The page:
Belly Button Discharge
My baby is 7 weeks old, he has a yellow-green discharge from his belly button, he does not have a fever, and there is no red color around it either. If it was urine or bowels draining from his belly button wouldn't he have an odor coming out of it?
“Very concerned mom”
Dear “Very Concerned Mom”,
Typically a newborn’s umbilical cord falls off between 2 to 3 weeks of life. Once the cord falls off the area should heal and dry within a couple of days. A baby's belly button should not have discharge coming out of it after this time. Since your baby is 7 weeks old, the cord should be completely healed and dry. If you notice that your baby’s belly button has a yellow green discharge, it is most likely soiled from your baby’s bowel movement or dirty diaper. It is very common for babies to have a large bowel movement that fills the diaper and dirties the belly button area. The stool that comes out of the baby’s bottom many times seeps around to the front of the diaper and sticks to belly button. The color and consistency of a newborn’s bowel movement is typically yellow-green and sticky. If a baby is breastfed this stool should not have an odor.
The first thing you should do is give your baby a bath with warm soapy water. The bath should wash away any stool that may be stuck in the belly button. Sometimes you may need to use a Q-tip and gently wipe the belly button area to clean away the stool. After the baby is clean and dry, recheck the site to see if the discharge returns.
Signs of “Omphalitis” or a belly button infection include redness and warmth of the skin around the belly button area, fever, irritability and a discharge from the belly button that has a foul odor. (1,2) If your baby develops any of these signs it would be important to have him checked by his Pediatrician. It would also be important to have your baby checked by his Pediatrician if after cleaning your baby there is still discharge oozing out of the belly button. Your Pediatrician can take a sample of the discharge if necessary in order to determine if the discharge is due to an infection.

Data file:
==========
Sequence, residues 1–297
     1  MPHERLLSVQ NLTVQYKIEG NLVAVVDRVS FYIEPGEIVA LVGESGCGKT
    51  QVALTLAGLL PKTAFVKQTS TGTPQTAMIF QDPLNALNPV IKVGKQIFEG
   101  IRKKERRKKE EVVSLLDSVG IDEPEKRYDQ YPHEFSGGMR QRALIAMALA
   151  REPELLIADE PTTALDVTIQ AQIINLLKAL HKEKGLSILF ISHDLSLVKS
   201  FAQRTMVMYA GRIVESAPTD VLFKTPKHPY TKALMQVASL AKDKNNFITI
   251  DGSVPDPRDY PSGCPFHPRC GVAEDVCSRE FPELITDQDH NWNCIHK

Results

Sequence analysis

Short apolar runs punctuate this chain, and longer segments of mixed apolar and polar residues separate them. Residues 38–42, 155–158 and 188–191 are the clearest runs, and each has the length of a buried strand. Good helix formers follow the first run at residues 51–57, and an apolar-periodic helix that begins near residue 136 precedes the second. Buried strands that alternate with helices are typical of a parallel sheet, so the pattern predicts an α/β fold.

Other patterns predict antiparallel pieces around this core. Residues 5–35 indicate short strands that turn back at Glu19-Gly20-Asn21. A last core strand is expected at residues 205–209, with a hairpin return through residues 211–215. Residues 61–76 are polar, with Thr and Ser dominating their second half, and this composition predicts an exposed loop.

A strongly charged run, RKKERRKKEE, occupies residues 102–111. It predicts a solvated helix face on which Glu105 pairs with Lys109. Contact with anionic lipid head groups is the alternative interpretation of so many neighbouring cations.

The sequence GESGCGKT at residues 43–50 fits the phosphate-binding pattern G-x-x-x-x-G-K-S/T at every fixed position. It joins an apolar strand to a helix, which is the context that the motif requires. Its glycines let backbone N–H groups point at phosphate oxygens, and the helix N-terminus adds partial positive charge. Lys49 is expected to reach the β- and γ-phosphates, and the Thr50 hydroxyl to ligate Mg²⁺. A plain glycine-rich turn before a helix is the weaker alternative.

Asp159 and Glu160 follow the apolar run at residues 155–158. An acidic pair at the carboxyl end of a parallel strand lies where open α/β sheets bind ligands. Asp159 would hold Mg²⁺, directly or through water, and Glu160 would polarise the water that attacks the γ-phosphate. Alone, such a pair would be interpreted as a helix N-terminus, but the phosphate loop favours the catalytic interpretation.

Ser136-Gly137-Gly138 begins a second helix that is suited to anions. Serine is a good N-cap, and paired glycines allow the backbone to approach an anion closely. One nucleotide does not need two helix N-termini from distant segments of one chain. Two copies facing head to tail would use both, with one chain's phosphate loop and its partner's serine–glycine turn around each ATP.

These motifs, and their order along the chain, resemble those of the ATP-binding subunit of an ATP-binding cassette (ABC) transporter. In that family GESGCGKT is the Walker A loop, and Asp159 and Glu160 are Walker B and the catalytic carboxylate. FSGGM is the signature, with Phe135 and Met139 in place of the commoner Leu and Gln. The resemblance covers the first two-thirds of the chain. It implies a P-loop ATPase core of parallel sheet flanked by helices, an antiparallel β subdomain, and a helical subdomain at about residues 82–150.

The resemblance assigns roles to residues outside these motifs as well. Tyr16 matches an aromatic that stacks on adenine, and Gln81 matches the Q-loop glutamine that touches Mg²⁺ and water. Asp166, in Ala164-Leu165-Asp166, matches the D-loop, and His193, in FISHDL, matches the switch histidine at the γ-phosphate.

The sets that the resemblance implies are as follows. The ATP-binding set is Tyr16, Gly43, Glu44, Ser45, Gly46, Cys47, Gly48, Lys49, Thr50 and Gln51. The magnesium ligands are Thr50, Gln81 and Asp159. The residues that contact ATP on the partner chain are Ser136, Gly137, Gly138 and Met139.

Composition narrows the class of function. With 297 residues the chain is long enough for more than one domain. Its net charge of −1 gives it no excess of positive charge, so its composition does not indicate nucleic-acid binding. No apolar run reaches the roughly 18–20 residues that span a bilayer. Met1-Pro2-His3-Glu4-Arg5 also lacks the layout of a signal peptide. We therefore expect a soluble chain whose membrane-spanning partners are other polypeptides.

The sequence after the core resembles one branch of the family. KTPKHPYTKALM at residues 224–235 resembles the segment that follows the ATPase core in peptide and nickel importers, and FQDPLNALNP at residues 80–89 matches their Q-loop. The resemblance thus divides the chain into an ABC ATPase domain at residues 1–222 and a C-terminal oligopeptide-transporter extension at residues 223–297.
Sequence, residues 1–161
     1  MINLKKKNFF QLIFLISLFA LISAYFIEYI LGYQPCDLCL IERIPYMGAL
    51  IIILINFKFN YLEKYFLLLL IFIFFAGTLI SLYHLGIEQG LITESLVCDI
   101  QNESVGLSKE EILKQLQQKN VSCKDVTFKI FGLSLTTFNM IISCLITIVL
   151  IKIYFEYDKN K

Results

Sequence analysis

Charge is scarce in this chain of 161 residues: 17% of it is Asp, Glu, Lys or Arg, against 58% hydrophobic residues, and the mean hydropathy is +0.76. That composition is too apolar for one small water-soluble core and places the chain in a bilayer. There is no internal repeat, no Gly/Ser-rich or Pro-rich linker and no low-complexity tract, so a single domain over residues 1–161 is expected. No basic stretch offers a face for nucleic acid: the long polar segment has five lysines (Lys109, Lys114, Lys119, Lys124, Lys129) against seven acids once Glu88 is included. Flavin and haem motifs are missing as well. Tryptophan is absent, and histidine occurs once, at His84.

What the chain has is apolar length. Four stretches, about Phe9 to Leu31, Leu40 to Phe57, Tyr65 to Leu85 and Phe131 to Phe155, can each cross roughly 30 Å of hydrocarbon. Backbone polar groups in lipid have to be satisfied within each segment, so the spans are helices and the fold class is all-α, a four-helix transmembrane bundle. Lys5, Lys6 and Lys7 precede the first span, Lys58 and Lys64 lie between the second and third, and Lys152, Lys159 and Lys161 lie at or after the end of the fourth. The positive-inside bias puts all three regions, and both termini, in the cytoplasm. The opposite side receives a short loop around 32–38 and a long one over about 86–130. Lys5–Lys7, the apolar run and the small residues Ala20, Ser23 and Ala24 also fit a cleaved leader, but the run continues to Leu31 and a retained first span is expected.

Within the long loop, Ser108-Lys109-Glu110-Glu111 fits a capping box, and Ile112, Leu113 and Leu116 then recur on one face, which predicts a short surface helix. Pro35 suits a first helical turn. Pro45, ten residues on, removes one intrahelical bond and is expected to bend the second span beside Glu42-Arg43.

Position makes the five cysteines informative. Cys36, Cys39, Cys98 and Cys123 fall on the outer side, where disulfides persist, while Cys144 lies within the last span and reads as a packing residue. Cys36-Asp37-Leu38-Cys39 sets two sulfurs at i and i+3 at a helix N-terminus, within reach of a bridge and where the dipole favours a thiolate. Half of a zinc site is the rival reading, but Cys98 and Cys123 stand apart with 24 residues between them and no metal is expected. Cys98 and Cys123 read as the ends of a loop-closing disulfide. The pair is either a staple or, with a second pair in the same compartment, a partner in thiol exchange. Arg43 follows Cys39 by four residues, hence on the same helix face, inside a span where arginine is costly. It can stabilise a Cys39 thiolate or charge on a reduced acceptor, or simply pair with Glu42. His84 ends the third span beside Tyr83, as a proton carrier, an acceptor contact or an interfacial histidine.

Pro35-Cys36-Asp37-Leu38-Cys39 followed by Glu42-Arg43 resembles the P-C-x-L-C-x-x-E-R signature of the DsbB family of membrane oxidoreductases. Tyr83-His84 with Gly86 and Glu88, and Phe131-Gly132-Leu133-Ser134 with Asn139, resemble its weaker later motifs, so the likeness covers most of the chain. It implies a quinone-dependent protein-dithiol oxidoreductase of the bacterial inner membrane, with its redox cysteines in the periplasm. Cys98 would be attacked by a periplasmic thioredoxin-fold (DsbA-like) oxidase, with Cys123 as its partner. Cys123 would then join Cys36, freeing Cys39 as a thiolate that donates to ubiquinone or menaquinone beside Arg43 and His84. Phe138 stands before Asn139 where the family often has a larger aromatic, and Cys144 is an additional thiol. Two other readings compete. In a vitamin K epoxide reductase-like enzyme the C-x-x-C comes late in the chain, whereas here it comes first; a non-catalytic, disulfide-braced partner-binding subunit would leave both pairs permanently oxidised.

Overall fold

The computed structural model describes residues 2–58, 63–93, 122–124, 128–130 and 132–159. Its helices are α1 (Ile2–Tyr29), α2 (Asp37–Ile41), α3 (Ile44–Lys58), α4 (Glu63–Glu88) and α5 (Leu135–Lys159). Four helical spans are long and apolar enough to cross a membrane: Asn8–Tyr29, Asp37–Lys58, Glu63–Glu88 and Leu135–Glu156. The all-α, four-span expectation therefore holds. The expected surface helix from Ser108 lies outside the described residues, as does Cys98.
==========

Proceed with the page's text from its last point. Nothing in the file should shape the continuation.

In regards to your question about urine or bowel contents draining from your baby’s belly button, this is not very likely. If your baby had a condition where there was a communication between the belly button and the bowel or bladder, it would have been identified at birth or shortly after during one of his routine well child physical examinations. In addition, conditions such as these are very rare. In some cases there may be a cyst in the area that can drain. Chronic discharge from the umbilical area may be a sign of a draining omphalomesenteric cyst or urachal cyst; but then again these conditions are also very rare.(1,2) If your baby has had chronic discharge it would be important to tell your Pediatrician about it. Other concerning signs include a baby with a fever, abdominal distention, difficulty feeding, vomiting or irritability. If any of these signs occur you should bring your baby into the Pediatrician’s office for an evaluation.
Having a newborn baby is a very exciting and a very scary experience. Because the baby’s body looks so different from ours and it is constantly growing and changing, it is very common to become alarmed when we see something different. Sometimes a look “from a second pair of eyes”; from a person with experience with babies is all that we need to reassure ourselves that everything is okay. Other times, a parent knows their child and instinctively feels that something is wrong. My recommendation is to never be afraid to have your baby checked if you are uncomfortable with something or if you feel that there is something wrong. I can’t tell you how many times a parent came in to the office with questions about their newborn and were embarrassed when there was nothing wrong. No new parent is expected to know everything and there is never a reason to be embarrassed when it comes to the health of your child.
I hope everything goes well and you enjoy your new baby.
(1) Betz C, Hunsberger M, Wright S. Family-Centered Nursing Care of Children. 2nd ed. Philadelphia, PA:W.B.Saunders Company. 1994:497.
(2) Behrman R, Kliegman R. Nelson Essentials of Pediatrics. Philadelphia ,PA: W.B.Saunders Company. 1990:173.
Lisa-ann Kelly R.N., P.N.P.,C.
Certified Pediatric Nurse Practitioner
Pediatric Advice About Caring for your Newborn